High School Complex No 1

When first Jews started to settle in Olsztyn in the 19th century, the town was known under the name of Allenstein and was located within the boundaries of East Prussia. Despite the relatively recent arrival of Jews in the area, the town boasts rich history of the local Jewish community. Most Jews living in Olsztyn made a living off of trade and crafts, and many of them were active participants of the social life of the town. Jews were eager to provide aid for poor inhabitants of the town regardless of their creed, they would even fund the purchase of religious object for Catholic churches! Thanks to the swift development of the local community, Olsztyn would soon become a regional centre of Jewish life – the seat of the Association of East Prussian Synagogues. There are several sites in the town which have preserved the memory of the Jewish history of Olsztyn – these are private houses and public venues, as well as a cemetery with restored funeral house designed by Erich Mendelsohn.

Are students from a Biology and Chemistry class able to temporarily put their interests to the side and convert into bona fide humanities-oriented historians? As it turns out, of course they are!

The inspiring history of their town was, without a doubt, one of the reasons why the first-year high school students attending the School Complex No. 1 in Olsztyn took part in the 2017 workshops organised by the School of Dialogue. At the classes conducted by the tutors from the Forum for Dialogue, the high school students were given general information on Jewish culture and history and instructed on the methods of project work. The workshops fully prepared them for the upcoming work on their competition entries.

The students approached the process of collecting information with appropriate care and diligence. They consulted municipal libraries, the Borussia Foundation, the Museum of Warmia and Mazury in Olsztyn, local activists. They also organised a promotional campaign: they designed posters, flyers, and leaflets which they delivered to the Tourist Information centre and handed out to tourists. With the use of the numerous available sources concerning the history of Olsztyn, the high school students wanted to make their own contribution to the subject and create something completely from scratch.

photo: A.Ceglarek, M.Pawlak

They decided to organise an urban game for lower secondary school pupils, which they named “Following the Traces of Olsztyn Jews”.

The participants of the urban game visited various sites of importance for the Jewish community of Olsztyn and faced a number of tasks and challenges given to them by guides clad in period costumes. Their creativity knew no bounds – at the birth place of the famous architect Erich Mendelsohn, the pupils had to complete a task using toy blocks! Having finished the game, the lower secondary school students admitted that they had discovered a completely new aspect of the town’s history. Most of them had never been inside a Jewish funeral house before, nor had they known the location of the two synagogues which have since been converted into lay buildings completely disconnected from their traditional past.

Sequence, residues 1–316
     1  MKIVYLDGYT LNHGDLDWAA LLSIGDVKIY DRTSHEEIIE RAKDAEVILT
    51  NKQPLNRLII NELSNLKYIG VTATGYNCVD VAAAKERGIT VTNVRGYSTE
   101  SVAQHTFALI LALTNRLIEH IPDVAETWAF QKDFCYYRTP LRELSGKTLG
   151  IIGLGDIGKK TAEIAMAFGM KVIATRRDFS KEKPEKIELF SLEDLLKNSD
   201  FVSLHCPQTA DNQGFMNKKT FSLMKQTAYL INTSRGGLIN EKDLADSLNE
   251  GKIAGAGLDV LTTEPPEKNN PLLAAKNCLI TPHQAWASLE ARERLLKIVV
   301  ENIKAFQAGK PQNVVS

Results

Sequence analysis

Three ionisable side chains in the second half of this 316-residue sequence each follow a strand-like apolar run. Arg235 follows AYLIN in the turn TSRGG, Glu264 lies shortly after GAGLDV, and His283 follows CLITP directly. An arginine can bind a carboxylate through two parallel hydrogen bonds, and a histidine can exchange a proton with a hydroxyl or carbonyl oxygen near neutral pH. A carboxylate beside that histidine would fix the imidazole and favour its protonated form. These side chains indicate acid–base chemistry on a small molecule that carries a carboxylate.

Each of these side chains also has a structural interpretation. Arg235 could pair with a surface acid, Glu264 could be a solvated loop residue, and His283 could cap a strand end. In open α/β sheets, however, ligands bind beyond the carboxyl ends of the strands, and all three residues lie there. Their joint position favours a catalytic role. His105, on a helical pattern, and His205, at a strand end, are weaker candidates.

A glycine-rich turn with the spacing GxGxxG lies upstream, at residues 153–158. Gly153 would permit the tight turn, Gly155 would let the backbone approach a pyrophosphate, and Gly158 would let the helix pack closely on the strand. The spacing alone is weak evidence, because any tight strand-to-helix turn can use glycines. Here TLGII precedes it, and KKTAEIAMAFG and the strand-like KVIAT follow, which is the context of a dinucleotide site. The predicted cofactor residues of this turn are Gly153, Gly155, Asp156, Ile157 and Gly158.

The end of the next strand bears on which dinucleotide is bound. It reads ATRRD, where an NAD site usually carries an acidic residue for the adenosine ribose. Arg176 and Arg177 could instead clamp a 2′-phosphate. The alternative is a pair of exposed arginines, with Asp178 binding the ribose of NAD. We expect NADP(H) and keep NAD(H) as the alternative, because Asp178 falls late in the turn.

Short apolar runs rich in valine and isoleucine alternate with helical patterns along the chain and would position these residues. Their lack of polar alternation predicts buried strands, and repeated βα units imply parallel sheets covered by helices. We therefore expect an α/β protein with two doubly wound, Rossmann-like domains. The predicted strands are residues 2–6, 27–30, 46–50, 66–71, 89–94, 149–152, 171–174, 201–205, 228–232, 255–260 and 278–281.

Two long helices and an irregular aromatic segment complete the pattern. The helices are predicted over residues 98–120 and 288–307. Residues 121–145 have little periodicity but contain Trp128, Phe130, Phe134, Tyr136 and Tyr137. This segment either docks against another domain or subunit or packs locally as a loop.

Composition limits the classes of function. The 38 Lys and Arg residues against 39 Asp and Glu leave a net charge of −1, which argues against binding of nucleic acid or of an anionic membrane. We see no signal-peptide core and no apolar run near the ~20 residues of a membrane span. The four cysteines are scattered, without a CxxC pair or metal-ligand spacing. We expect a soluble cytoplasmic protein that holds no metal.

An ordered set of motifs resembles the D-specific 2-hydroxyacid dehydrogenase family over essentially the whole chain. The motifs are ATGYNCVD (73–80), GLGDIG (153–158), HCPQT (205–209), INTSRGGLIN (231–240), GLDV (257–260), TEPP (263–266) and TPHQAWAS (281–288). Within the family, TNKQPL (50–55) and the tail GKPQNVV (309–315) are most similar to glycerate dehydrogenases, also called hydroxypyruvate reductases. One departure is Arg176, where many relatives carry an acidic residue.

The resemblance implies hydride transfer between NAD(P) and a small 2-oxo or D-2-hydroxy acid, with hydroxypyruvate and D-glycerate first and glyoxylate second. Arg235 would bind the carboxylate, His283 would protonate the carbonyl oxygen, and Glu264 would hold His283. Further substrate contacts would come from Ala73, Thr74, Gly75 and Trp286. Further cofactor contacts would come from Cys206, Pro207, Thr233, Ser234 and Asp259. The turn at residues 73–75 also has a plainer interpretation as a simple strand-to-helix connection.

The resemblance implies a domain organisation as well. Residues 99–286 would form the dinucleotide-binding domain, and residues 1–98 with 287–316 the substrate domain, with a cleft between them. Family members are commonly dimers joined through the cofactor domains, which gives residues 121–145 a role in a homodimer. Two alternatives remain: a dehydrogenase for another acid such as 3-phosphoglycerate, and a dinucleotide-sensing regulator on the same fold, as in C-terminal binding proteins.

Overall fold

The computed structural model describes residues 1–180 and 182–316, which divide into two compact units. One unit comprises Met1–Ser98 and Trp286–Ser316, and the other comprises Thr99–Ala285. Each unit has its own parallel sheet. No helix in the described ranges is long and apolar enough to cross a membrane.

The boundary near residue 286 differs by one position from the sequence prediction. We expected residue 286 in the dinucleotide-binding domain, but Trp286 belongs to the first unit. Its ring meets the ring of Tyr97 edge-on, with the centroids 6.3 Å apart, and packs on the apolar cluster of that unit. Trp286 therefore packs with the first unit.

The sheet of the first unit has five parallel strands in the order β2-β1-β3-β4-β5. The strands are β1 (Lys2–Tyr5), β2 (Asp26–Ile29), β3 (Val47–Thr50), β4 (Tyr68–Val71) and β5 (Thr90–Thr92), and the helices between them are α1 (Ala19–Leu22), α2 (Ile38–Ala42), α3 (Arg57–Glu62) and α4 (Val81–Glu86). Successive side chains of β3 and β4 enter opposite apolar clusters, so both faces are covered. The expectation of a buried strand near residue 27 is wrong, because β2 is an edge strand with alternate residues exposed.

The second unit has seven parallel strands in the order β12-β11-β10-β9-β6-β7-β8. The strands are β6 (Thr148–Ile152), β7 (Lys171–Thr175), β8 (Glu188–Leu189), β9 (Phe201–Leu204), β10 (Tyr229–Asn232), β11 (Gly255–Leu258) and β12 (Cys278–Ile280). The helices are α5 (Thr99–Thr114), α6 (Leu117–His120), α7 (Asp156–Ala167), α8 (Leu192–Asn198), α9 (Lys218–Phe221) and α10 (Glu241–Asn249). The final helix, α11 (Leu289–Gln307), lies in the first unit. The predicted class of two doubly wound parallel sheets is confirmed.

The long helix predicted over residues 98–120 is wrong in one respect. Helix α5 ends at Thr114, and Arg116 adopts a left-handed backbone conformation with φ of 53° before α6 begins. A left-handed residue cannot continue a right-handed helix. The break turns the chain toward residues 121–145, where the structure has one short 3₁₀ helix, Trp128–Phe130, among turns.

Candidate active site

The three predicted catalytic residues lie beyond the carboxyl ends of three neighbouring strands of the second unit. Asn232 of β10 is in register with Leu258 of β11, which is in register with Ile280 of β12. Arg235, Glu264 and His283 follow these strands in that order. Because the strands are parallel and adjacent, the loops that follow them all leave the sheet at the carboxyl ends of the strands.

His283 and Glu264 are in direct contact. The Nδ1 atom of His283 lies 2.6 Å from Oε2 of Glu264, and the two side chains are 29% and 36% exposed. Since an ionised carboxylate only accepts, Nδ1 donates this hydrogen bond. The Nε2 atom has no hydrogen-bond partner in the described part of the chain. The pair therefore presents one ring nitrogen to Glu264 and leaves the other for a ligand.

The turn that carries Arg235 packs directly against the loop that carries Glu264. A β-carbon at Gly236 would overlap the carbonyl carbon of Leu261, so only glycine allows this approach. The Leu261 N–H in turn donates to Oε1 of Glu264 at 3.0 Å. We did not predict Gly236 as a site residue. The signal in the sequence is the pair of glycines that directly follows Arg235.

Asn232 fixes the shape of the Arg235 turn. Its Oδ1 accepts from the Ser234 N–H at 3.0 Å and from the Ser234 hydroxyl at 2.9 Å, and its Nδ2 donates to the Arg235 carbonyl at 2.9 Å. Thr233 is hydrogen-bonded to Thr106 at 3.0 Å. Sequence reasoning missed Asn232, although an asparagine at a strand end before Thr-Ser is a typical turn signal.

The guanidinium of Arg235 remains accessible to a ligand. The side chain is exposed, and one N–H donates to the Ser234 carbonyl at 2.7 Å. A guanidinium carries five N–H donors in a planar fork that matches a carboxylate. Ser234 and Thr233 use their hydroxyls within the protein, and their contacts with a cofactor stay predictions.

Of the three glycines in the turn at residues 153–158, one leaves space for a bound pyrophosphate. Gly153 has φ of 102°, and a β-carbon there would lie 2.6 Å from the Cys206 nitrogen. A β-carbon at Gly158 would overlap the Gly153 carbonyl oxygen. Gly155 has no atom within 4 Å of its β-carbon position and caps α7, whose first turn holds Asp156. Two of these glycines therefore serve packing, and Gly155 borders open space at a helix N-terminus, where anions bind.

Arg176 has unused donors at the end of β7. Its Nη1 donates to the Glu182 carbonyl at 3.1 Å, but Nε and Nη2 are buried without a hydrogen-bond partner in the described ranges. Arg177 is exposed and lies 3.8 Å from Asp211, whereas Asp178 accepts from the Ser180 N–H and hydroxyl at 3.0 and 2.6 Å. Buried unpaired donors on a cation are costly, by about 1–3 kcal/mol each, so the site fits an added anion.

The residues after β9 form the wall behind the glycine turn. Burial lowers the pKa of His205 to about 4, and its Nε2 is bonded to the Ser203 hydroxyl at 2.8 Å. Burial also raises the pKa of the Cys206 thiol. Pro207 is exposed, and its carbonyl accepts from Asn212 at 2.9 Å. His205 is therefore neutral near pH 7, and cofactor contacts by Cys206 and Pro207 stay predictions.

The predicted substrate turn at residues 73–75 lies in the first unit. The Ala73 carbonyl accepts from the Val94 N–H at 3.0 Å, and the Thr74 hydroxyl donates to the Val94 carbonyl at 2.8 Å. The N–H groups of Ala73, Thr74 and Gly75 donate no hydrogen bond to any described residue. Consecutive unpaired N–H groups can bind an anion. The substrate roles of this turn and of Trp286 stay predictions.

The project gave the high school students from Olsztyn an opportunity to delve into new fields of knowledge and reflect on complex topics. The recurring theme in their comments on the workshop was Jewish life – traditions and history which they had known nothing about. As stated by one of the participants of the workshop in Olsztyn: “Usually we only talk about Jews in the context of the Holocaust and the ghetto. We should consider whether we would like to be described and presented in a similar manner. Not as people of certain ethnicity cultivating certain traditions, but a group which others attempted to get rid of.”

I was deeply moved by films showing families discovering their Jewish roots. In my opinion it’s amazing to discover the history of our grandfathers or relatives, who we didn’t know.

Workshop participant

The workshops have inspired me to search for historical knowledge, information about my town’s community, but also about Judaism. I hope I won’t lose my enthusiasm and I will the sources that educators showed us.

Workshop participant

This is not just another boring project. That’s something that got us involved, absorbed, enabled us to see things in a different light.

Workshop participant


High School Complex No 1
first year students
Grażyna Budzyńska
Aneta Ceglarek, Maria Pawlak

To read more about Olsztyn visit Virtual Shtetl:


In appreciation to the Conference on Jewish Material Claims Against Germany (Claims Conference) for supporting this educational program. Through recovering the assets of the victims of the Holocaust, the Claims Conference enables organizations around the world to provide education about the Shoah and to preserve the memory of those who perished.

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In appreciation to Friends of the Forum for supporting the School of Dialogue educational program.